- TIP: You can only render one movie at a time in Cinema 4D, but if you have a 64-bit machine you probably have both a 64 and 32 bit executable, and you can have one render the left at the same time the other renders the right.
- Rendering a movie is VERY slow, so I suggest rendering just the first 60 or so frames the first time you try this to make sure you eyes behave correctly and are spaced a good distance apart before committing to rendering the whole movie.
- Reminder: If your Main Camera has a target this is great, you can give you left_eye and right_eye the same target (right click it then "Cinema 4D Tag > Target") and it will have a better effect of your eyes "focussing" on that point during the movie. If there is no target you can experiment with VERY slightly angling the left_eye and right_eye towards each other, but that can be a bit tricky/dangerous depending on where you camera moves.
Step 2: Combining the movies side by side in QuickTime Pro
- Open "right_eye.mov" in QuickTime Pro then click Edit > Select All [ctrl+a] then Edit > Copy [ctrl+c] in the menubar to select all frames and then copy them.
- Close "right_eye.mov".
- Open "left_eye.mov" (in QuickTime Pro) then click Edit > Select All [ctrl+a] then Edit > Add to Selection & Scale. Both movie will now be directly on top of each other.
- Click Window > Open Movie Properties to open the Properties window. The left eye movie will be Video Track 1, and the right eye will be Video Track 2. Select Video Track 2 and click the Visual Setting tab. Now using the Offset, change the the first value to width of the video file (1024). In the Player window both video tracks should be side by side.
- Click File > Save as to save this both.mov.
- If you have a special stereo pair enabled projector or screen now's a good time to make it full screen, put on your 3D glasses and see if it works.
- You can try uploading this file to YouTube as is, but chances are it will be too big or look funny. According to the official instruction: "YouTube 3D works best with ... H264 AVC 1920x1080 Side by Side L/R with SEI Frame Packing Arrangement metadata" and so lets do that.
- Click: File > Export, select "Movie to MPEG-4" and click "Options".
- In the MPEG-4 Export Settings set the video format to H.264, set data rate to 10,000 kbps/sec (if you want to make a smaller video you can try reducing this later, but youtube can handle big videos) and Key frame to automatic. Most important, you will probably have to change the Image Size from Current to Custom, and half the size of the video in X - such that our example here would go from 2048x768 back to 1024x768. This reduces the quality in X, which sucks, but YouTube seems to expect this. If you don't do this I've found my videos become stretched in X... although you'll also notice a 3D option to switch between "half and full width" within the YouTube player's 3D options.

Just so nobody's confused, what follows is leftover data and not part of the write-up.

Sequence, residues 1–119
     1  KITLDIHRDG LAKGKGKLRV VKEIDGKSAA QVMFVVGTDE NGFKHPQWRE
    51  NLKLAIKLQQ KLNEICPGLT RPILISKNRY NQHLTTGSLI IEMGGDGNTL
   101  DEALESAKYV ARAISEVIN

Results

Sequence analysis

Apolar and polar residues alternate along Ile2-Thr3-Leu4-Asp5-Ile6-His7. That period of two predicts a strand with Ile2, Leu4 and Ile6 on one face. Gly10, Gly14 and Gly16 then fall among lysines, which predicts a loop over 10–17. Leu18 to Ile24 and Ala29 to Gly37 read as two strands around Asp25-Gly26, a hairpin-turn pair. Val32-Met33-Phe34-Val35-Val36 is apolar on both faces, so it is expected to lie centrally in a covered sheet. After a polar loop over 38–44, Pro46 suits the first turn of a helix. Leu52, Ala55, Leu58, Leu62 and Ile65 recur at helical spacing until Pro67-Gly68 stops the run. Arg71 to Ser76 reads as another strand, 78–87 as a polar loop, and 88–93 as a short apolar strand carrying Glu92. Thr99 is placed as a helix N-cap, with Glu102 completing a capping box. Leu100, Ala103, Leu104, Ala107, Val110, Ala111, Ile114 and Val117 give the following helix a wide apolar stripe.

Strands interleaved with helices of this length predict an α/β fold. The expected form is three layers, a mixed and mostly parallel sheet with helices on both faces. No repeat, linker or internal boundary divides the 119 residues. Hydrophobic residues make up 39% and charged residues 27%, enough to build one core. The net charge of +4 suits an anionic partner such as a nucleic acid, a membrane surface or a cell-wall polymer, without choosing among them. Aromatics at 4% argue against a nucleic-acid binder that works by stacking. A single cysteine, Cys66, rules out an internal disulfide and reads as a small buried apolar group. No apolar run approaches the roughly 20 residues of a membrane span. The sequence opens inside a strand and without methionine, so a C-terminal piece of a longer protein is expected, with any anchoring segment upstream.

Step 4: Uploading your 3D movie to YouTube
Hopefully you already have a YouTube account, so will know how to upload videos. The trick to it is that when you upload a 3D video you'll need to go to the "Advanced Settings" tab (top right) and change the options under "3D video:" to read "This video is already 3D" and "Side by side: left video on the left side".
Step 5: Previewing in YouTube
Once uploaded you should be able to go to your feed and you'll noticed a "3D" icon appear at the bottom of your video. At this stage you should put on whatever 3D glasses you have. Although uploaded as a side-by-side YouTube can convert this format on the fly to interleaving or red-blue glasses. Make sure you switch to the appropriate output and play with the 3D settings. It's possible you'll have to switch your left and right or switch from the default half width to full width for the best effect.
As a warning: you'll probably be unhappy with the results the first few times, meaning you'll have to go back to your 3D file then repeat the entire process of rendering, combining, uploading and previewing. For this reason I (once again) highly recommend you try just a small subset of the video for expedited rendering until you're sure you have the eyes working correctly and have established the best size to render and export at. In my case I wanted to project on a 1024x768 (4:3 ratio) dual projector system, but you may want to project onto a wider screen and thus want a wider aspect like 1920x1080.
- YouTube - how to create 3D content - has some official help/tips on creating and uploading 3D movies.
- How to: make a side by side stereo movie in Quicktime - helped me write these instructions.
- How to Make Your Own 3D Glasses - WikiHow - nice instructions for making 3d glasses using either (a) paper cut-outs with red and blue acetate / cellophane or (b) converting sunglasses using red and blue sharpies.